Came the great night! Would our home accommodate her Aunt May, who customarily traveled with her on tour, her husband John Van Alstyne Weaver, whose poems, In American, and More in American, everybody was then discussing, the colored maid who dressed her backstage, her pianist? Our little home could and did. It fairly burst physically with people and excitedly with telegrams, long-distance telephones, meals at random, multiple exits and entrances.
She was starring at Dennis' famous theater on the Cape the following summer. There was a general interchange of friendliness and hospitality. We were guests at her cottage for lunch preceding a matinee. Several times she and her husband were our guests at West Falmouth. Several times they stopped off with us in Worcester, motoring to New York.
Once in New York we dined with them when they were occupying for the winter Francis Wilson's apartment on Gramercy Park, with its library of precious books, its Sir Joshua Reynolds portrait, its chairs made from a pew Shakespeare worshipped in. Peggy had to rush away before dessert to rehearse with George Arliss in The Mer-chant of Venice. Small wonder, on the evening of October 19 at Clark University, she spoke in such dulcet tone:
You see me, Lord Bassanio, where I stand, Such as I am I would be trebled twenty times myself, A thousand times more fair, ten thousand times More rich, that only to stand high in your account
By what stages does one rise to play the enviable role of Portia opposite a George Arliss? Peggy Wood was born in Brooklyn, the largest of the five boroughs that are New York. She too played in Prospect Park, built the illegal bonfire on the streets whereon the illicit potato, purloined perhaps from a grocer's barrel, was not so much roasted as charred, followed an ice-cart in the hope of a chance bit of ice, patronized the hokey-pokey man, and knew the magic of a penny that would buy delectables in candy.
Her family, English, Scotch, Dutch, came to America before the Revolution. Her father, a Socialist and SingleTaxer, was a newspaperman who wrote articles and fiction for magazines and knew unknowable O. Henry intimately. As late as 1935 Doubleday Doran republished his Back Home and Folks Back Home. He rented "a little sweet-toned reed organ" for fifty cents a week, thereby discovering that his child had a voice. When she was eight he secured for her the best possible teacher. He took her
often to the opera. Years later, when she was already famous on the stage, she spent an entire summer under the tutelage of Calve, the Carmen of her era.
The family had moved farther out to Long Island's Northport. A neighbor took her for an audition to the Manhattan Opera House, then competing with the Metropolitan, where I used to see Oscar Hammerstein, bulking large, in the box office, cigar in mouth, a silk topper always on his head.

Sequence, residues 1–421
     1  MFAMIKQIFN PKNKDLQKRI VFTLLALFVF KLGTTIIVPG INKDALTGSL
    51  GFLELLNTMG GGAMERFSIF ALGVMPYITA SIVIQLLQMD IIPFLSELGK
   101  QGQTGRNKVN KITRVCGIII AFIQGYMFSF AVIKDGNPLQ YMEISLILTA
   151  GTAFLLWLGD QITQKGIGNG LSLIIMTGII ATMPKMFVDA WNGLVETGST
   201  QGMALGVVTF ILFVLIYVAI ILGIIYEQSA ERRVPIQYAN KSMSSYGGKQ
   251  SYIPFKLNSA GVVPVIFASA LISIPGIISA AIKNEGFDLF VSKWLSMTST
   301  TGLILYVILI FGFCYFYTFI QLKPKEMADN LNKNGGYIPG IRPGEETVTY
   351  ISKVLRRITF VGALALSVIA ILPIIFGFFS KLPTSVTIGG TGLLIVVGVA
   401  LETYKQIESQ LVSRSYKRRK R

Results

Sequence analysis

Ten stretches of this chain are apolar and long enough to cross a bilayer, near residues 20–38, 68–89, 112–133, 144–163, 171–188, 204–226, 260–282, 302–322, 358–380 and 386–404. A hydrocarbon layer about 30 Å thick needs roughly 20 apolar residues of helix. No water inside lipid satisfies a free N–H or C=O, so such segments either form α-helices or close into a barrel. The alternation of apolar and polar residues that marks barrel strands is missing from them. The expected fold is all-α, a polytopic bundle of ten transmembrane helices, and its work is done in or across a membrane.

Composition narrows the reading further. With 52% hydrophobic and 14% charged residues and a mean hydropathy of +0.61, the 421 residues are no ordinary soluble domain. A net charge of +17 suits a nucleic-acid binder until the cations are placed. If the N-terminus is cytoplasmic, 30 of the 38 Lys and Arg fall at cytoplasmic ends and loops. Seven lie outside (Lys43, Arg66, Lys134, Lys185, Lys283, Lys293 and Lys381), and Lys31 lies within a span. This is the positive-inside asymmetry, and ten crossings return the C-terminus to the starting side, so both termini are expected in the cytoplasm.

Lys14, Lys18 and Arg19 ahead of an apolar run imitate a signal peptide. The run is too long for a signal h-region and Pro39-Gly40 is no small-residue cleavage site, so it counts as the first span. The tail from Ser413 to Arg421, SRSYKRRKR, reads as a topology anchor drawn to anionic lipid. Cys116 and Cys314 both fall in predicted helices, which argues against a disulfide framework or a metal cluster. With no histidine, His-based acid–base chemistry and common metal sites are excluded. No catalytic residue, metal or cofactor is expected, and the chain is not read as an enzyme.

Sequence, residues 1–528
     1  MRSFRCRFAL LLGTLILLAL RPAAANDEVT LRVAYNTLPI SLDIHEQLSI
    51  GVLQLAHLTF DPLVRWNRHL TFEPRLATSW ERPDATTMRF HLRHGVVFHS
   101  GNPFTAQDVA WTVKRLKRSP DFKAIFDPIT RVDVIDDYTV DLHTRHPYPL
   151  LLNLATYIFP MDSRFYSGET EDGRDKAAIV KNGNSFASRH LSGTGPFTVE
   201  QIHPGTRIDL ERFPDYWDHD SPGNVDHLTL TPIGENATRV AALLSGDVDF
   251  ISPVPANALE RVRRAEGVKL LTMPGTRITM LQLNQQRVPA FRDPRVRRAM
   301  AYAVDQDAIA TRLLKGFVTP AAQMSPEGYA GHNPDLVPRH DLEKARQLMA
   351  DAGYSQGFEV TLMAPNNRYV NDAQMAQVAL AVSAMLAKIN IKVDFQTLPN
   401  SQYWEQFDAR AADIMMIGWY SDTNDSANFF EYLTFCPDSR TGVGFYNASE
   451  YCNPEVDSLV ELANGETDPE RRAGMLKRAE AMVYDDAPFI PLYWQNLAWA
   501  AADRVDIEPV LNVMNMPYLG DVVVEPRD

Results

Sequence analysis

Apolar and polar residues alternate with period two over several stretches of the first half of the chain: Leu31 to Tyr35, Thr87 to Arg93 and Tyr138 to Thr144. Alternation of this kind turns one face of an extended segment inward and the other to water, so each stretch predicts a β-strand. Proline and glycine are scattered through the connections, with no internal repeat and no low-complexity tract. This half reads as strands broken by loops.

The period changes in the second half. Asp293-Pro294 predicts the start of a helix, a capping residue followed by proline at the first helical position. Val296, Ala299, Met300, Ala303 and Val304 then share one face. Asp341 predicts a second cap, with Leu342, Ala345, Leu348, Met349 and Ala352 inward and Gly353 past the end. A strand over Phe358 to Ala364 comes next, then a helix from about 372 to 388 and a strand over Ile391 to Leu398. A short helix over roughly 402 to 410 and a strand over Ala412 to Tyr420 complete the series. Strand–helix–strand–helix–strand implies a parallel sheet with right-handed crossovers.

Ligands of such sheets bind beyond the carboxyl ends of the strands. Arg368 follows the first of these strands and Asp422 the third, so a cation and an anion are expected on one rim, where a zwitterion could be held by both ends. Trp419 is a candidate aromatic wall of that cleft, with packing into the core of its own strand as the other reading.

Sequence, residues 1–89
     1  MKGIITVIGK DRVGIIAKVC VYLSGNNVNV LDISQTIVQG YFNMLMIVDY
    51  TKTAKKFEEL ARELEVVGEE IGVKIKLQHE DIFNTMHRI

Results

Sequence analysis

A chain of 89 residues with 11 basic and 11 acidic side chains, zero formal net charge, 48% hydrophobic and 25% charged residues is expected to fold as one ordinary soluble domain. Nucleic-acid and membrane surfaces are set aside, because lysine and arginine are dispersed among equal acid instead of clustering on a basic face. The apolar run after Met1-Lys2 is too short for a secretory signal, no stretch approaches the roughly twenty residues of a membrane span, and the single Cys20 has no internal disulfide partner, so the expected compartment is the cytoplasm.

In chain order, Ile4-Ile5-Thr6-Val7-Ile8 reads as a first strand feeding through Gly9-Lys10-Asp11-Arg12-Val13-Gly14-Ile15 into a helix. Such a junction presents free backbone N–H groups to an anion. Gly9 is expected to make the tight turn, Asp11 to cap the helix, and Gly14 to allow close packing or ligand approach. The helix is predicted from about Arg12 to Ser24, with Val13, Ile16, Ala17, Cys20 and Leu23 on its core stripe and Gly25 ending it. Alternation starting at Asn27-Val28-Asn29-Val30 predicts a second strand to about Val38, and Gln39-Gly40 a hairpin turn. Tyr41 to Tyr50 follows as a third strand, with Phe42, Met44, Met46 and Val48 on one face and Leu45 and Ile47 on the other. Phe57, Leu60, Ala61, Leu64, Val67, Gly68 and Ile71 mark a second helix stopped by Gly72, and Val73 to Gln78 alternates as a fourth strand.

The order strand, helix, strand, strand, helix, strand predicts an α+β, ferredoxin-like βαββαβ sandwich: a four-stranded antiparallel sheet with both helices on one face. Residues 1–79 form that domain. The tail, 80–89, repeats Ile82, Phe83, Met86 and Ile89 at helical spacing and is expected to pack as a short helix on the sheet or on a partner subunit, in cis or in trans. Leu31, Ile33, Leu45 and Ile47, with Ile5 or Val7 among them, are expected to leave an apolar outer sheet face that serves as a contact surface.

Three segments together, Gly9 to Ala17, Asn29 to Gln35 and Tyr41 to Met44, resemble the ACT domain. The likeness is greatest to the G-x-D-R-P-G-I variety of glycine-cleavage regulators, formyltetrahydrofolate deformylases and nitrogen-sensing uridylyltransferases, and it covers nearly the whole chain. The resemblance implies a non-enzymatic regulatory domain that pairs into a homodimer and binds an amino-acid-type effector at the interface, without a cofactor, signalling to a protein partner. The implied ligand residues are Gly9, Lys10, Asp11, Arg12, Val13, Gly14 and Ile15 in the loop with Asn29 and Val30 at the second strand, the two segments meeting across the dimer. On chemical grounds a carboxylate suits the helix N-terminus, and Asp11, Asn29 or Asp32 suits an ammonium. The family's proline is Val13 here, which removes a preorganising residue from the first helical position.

Hammerstein placed her in the chorus of Naughty Marietta at twenty dollars a week. It was the briefest interval when another manager, J. J. Shubert, spied her out for the lead in May time. "You are the only girl who can do the part," he told her. Up went her name in lights on Broadway.
She became a favored member of that Round Table at the Hotel Algonquin where Alexander Woollcott, Worcester's Robert Benchley, Dorothy Parker, a score of wits and wags, foregathered for luncheon. In her repertoire, Naughty Marietta and Maytime were succeeded by Mar-jolaine, that in turn by Buddies.
John Weaver, poet and young scion of Chicago society who was to be her husband, attended every performance of Buddies for a week. He even followed it on tour. Woollcott had introduced them. One summer the three had roamed Europe together. Yet when the romance between Peggy and Johnny ripened into marriage, Woollcott shook his omniscient head. He would give it, "two years, no more, but they'll probably be fun."
It lasted fourteen. David, the baby who had caused a several weeks' postponement of his mother's first visit to Worcester, was approaching his second year. "He is such a dear," she wrote later, "and such fun, I fear for the girls later." As a little boy she took him to the memorable Rembrandt exhibit at the Metropolitan, only to find "he put up a violent defense against culture." For herself, the
portrait of "An Old Lady Cutting Her Nails" was "just about the greatest picture ever." At the Everett Shinn show she bought his famous "Fifth Avenue Bus." "It is really a dream."
"Have you it still?" I asked her recently. Her affirmative was a smile of contented possession.
She first went to London to play in Noel Coward's Bittersweet. She was as popular with the English as with the Americans. While she was playing in London, her husband, fighting tuberculosis in Colorado, died suddenly. Today she might have reached him by jet plane.
"I know you especially will keep his memory green, not only in your hearts but through your bringing his poetry to the young minds that come before you each year." To the Little Lady of the House and myself Johnny Weaver was a lovable fellow.
When Katharine Cornell had to leave Candida for Michael Arlen's Green Hat, Peggy Wood took her place. When Pauline Lord left the all-star cast of Pinero's Trelawney of the Wells touring under the leadership of John Drew, she became the Imogen Parrot of the piece.
In 1942 she wrote, "Blithe Spirit goes on and on. If the War doesn't blast us out of 45th Street we have hopes of long tenure there " It ran two years. Not only was she the bright star of operetta, she was queen in her own right of the legitimate theater.
In her very readable autobiography she once declared, "If I had turned out to be a housewife I should have been a terror, for an adage about a woman's work being never done would have reduced me to a state of ineffectual fury ever since."
Time changes us all' She has a maid for her Park Avenue apartment, but for the long week-end she and her present husband — he is William Walling, an executive in the printing business — spend in their country home, she docs those very housewifely chores you have seen her do in Mama.